Written by: Amanda Schumaker
A couple of years ago, I found myself downtown at the San Diego Convention Center surrounded by crowds of Iron Men, Harry Potters, Wonder Women, and hundreds of other characters I couldn’t even begin to identify. While I’m a casual fan of superhero films and other franchises that have quite the fan base, I had no idea what I was getting myself into when my friends convinced me to go to Comic-Con, and – to be quite honest – I was a little overwhelmed.
Far from the seasoned Con-goer that my friends were, I found myself attending the smaller, less-popular panels as they waited outside Hall H in shifts for the Marvel, Game of Thrones, and Doctor Who “main events.” I’ll admit that there were a few moments when I wished I had the patience to sit through the rain at 2 o’clock in the morning (most notably when I learned that the cast of Black Panther watched the trailer for the first time with the audience or when Gal Gadot walked down the waiting line signing autographs), but my status as a novice Con-goer did have some advantages.
As 6,500 fans funneled into Hall H and many more stood outside hoping to fill any open seats, I attended a special demonstration of Richard Browning’s real-life Iron Man suit, sampled new cupcake flavors from Duff Goldman’s Charm City Cakes, and listened to how women writers and creators have challenged stereotypes in the entertainment industry. My biggest take-away from my Comic-Con experience, however, was the conversations that were happening across so many different disciplines to bring these fantastic stories and ideas to life.
This was most obvious at the last panel I attended: “More Science in Your Fiction with the League of Extraordinary Scientists and Engineers.” Despite the long title, I remember it well. I listened to oceanographers, marine biologists, ecologists, conceptual scientists, and NASA engineers as they analyzed the technology in wildly popular films. The scene these experts spent the most time dissecting was from Iron Man, when Tony Stark is safely back at his Malibu workshop building a new suit. Stark puts on the final piece – the face mask – and begins talking to J.A.R.V.I.S., Stark’s natural-language user interface computer system (yes, I did have to look that up). With this final piece in place, the audience gets to see what Stark sees: glowing blue words and diagrams showing atmospheric pressure, body scans, and more. Stark runs diagnostics for his suit, all the while exchanging witty banter with J.A.R.V.I.S.
Until this panel, I always thought of this technology as some far-off gadget that could be developed in the future. As it turns out, I learned from the NASA engineers that they had been working on their own projects to create this type of technology for astronauts. Indeed, they had a rudimentary program that allowed astronauts to read their body temperature and oxygen levels right on the visors of their helmets. This is far from Stark’s “super suit,” but the concepts are the same. The panelists discussed several other parallels between our favorite superhero films and real-life science and technology. In fact, the panelists were quite adamant that these parallels are no coincidence. In fact, experts in the entertainment industry frequently consult experts in science and technology (including many of these panelists) to make sure they “get it right.” And, it turns out, this knowledge-sharing goes both ways. The NASA expert said there were several ideas “in the pipeline” that scientists and engineers “borrowed” from film.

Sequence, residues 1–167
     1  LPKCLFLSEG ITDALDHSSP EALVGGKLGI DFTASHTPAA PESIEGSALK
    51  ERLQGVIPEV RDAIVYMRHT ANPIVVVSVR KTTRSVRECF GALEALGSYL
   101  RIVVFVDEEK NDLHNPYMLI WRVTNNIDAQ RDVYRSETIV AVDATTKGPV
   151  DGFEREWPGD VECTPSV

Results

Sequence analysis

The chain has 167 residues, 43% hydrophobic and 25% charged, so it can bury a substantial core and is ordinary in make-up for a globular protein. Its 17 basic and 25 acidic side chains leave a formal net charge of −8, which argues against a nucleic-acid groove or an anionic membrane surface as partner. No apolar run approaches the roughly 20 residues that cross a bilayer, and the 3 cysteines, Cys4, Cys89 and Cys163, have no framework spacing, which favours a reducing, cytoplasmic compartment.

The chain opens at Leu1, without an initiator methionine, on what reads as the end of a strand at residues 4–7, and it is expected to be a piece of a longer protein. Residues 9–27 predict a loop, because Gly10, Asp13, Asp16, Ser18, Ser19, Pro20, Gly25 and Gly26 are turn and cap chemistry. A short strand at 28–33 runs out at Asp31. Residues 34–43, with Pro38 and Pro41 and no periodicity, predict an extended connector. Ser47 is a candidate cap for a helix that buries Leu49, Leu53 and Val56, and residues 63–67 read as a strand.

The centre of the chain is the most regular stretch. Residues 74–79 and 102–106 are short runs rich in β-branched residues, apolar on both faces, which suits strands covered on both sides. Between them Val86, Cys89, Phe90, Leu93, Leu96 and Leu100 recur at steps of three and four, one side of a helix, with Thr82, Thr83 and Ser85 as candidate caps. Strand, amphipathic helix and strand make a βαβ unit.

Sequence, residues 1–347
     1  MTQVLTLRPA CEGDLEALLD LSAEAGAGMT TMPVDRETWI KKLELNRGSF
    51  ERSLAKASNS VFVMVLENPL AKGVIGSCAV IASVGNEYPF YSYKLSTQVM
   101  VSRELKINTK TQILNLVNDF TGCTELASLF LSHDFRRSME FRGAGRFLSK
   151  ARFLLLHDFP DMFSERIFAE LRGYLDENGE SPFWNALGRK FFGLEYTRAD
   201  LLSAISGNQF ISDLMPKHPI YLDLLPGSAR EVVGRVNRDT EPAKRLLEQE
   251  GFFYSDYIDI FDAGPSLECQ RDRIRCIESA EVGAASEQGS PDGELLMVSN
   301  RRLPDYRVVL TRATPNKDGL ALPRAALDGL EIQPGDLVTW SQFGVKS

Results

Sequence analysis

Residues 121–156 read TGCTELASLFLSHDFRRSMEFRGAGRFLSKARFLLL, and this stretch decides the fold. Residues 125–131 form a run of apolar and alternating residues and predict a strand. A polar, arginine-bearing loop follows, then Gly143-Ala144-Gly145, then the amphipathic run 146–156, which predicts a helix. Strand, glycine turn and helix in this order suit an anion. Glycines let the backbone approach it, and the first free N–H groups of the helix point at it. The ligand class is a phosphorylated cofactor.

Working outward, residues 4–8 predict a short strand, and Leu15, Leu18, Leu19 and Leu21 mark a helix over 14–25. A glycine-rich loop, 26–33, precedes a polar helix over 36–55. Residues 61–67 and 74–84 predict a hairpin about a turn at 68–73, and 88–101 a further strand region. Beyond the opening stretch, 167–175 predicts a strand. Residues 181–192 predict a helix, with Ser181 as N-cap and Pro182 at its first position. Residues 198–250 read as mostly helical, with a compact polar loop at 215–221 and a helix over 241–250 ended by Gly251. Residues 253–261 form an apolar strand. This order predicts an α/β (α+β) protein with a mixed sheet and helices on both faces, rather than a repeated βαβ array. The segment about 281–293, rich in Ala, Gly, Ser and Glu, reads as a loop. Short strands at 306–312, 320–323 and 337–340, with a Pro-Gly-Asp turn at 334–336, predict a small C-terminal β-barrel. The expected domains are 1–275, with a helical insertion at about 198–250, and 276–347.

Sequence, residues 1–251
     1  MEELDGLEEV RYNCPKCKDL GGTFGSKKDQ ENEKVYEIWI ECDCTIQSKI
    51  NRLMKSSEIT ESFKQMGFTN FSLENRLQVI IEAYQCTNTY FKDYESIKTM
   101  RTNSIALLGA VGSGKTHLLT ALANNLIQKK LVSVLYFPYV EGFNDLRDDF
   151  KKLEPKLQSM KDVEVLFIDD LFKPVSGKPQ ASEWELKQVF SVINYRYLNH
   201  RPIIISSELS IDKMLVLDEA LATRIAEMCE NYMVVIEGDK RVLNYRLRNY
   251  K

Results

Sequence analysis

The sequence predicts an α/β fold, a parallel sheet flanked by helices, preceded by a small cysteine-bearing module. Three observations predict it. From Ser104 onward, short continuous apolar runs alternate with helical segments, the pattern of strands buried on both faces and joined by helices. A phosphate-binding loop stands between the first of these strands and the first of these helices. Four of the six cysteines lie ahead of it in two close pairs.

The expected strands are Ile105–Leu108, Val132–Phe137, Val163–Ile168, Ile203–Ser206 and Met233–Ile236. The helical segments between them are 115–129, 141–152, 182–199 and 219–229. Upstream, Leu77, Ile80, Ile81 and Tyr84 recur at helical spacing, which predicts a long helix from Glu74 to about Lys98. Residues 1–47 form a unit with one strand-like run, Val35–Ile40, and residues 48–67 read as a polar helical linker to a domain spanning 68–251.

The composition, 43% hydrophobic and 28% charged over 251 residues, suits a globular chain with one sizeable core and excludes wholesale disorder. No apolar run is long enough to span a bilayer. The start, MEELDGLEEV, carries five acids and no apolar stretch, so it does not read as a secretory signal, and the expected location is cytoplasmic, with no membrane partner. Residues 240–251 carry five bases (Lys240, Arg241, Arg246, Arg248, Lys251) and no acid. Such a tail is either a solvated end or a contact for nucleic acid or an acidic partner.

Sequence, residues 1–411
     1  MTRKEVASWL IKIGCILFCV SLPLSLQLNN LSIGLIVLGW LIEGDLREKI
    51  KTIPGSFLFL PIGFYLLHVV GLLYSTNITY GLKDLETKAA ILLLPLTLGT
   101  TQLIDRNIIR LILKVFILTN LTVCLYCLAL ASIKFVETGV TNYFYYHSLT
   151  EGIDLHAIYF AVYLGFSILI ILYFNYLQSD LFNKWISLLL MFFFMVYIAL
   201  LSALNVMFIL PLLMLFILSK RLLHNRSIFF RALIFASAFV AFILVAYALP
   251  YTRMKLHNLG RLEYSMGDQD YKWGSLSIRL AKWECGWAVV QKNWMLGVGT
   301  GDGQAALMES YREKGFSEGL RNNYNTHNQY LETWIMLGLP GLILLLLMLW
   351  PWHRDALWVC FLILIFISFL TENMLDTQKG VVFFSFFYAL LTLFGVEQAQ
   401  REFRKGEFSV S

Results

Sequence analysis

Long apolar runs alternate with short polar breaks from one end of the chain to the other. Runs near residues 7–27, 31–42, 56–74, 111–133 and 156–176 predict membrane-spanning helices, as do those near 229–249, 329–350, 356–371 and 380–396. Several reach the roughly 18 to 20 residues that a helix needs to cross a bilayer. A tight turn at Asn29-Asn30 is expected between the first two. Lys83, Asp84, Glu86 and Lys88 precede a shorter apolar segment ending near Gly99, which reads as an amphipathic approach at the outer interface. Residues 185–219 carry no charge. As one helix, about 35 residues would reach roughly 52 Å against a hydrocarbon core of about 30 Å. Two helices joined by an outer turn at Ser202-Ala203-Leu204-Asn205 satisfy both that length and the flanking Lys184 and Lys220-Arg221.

Recently, as I re-watched Wonder Woman, I found myself thinking about this back-and-forth between two industries you wouldn’t typically expect to be in conversation with one another. If you pause to think about it for a second, this interdisciplinary approach seems obvious. Wonder Woman, for example, draws from Greek mythology, military history, linguistics, women’s studies, and philosophy. Iron Man incorporates then-current events, technology, business, and psychology.
At Hamilton, we incorporate a similar interdisciplinary approach into our Enrichment classes. In the last few months, our Reading & Rhetoric Seminar has studied how city planning impacted the spread of cholera in 1850s London (Ghost Map), the psychological impact of war (Catch-22), and the inequalities in our justice system (Just Mercy). This month, we will look at questions such as “Why does the United States suck at soccer?” using statistics and economic principles (Soccernomics).
It’s important for students to know that there is more than one way to look at events, issues, and problems. This way of thinking makes our students well-rounded scholars, but it also prepares them for life after their calculus and literature courses. It sets them up for success in whichever career path they choose. I can’t guarantee that they will walk away from our class capable of producing a billion-dollar box office blockbuster, but, with our students, you never know!